LAS VEGAS -- A study earlier this year by a federal panel found that a flu pandemic could wipe out tens of millions of Americans within days. The experts worry about engineered viruses falling into the wrong hands.
One way to insure that civilization could survive a pandemic or other global catastrophe is to build a pandemic center, a safe haven for selected people with certain skills so that society could rebuild.
Great minds have been puzzled for years about what to do with the Nevada National Security Site, formerly known as the Nevada Test Site. One idea currently making the rounds is to build an accelerator for use in producing medical isotopes. But the idea that might create the most jobs and cast the biggest shadow is to build a pandemic center, the equivalent of Noah's Ark, under the sands of the test site.
"There was a time in the early 60's when Mercury, Nevada was the third largest city in the state of Nevada," said Troy Wade, Nevada Test Site Historical Foundation.
Nuclear weapons expert Troy Wade remembers the heyday of the test site, when thousands of scientists, technicians, miners, and construction workers bustled throughout the sprawling one-of-a-kind facility, building things then blowing them to bits, all in the name of national security. For a time, one in every nine jobs in Las Vegas was tied to the site.
Treaties ended atomic testing, and the site has been searching for a new role ever since. The place has unmatched advantages: it's huge, it's secure, and it's a long way from anything else.
"We measure encroachment by distance to the nearest MacDonald's," Wade said. The district happens to be 37 miles.
That makes the site the perfect place to test dangerous stuff. So long as nuclear weapons exist, the site will have a role, to make sure our bombs still work, and to make sure we know how to detect the bombs of others. Wade thinks the development of equipment used to verify disarmament treaties will keep the site active for many years. It has also become a hotbed of anti-terrorism training, teaching agents how to detect components of a dirty bomb, for instance or how to track down a bio weapons lab.
A proposal to create the country's first commercial spaceport died because the technology wasn't up to the job at the time, and the state of New Mexico took the idea and ran with it.
The test site is honeycombed with tunnels and underground facilities, places that might be perfect for ultra-secure data storage, already being explored by the people at Switch, the data center giant.
Of all the ideas proposed for the site, though, this might be the biggest game changer of them all is a national pandemic center.
"It is a big reach, but the guy behind it has made big reaches before," Wade said.
The idea was pitched by businessman Robert Bigelow at a brainstorming session last year. Bigelow is known for creating his own space program from scratch and already has two of his satellites in orbit. He declined to speak about it on camera but his staff has produced a book on the plan. They estimate the idea could produce nearly 22,000 permanent jobs, not counting the huge construction force needed to build the center.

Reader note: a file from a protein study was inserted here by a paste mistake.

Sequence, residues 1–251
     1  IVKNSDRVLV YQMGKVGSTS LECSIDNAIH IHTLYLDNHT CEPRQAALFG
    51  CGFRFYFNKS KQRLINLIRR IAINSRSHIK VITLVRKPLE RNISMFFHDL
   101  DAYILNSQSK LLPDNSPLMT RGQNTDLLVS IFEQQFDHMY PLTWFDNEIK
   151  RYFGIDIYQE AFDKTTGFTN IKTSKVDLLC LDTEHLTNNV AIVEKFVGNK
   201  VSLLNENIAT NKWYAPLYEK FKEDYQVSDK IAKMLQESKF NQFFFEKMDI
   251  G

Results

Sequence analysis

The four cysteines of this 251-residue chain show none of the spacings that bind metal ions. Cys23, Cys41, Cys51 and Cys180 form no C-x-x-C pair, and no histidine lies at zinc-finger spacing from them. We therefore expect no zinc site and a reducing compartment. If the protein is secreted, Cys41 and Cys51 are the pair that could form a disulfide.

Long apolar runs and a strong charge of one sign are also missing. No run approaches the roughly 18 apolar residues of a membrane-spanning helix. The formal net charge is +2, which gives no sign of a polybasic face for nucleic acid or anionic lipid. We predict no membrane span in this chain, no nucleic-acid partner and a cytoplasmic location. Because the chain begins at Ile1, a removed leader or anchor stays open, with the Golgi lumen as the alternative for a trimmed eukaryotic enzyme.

So, what is it? An underground Noah's Ark built inside a mountain at the test site. A permanent home for 5000 people; a place where society would survive if all hell broke loose elsewhere.
"By having research labs underground that could survive a pandemic attack and be recovered after that attack is over. That would be enormous if we were to do something like that. It would take years to construct it and a lot of construction jobs, and then a huge economic impact if you had researchers in there working all the time," Wade said.
But unlike Raven Rock or Cheyenne Mountain which were built to protect government and military leaders in case of Armageddon, the pandemic center would include a mix of regular folks, people whose skills would be vital in rebuilding society, such as welders, electricians, and teachers.
Bigelow's team has drawn specific ideas what the complex would be like. It would have living quarters, working quarters, and water and food supplies that could last a long time.
There's a plan for how people would be selected and how it would be used full-time so there are always 5000 people inside. The impetus for the center is the strong possibility that a bio attack is inevitable. Studies show how quickly a virus could spread, like a nightmare from a Hollywood movie, but the threat is real. The pandemic center could not only save Nevada's economy, but save humanity itself if the worst ever happened.
The study written for the Bigelow organization has already identified a population of about 13 million people from whom the final cut would be made. Doctors and nurses would be included and people with other skills. The idea was pitched some months ago to local business leaders and test site overseers but didn't gain much traction.
For more information about the proposal to build a National Pandemic Center, contact
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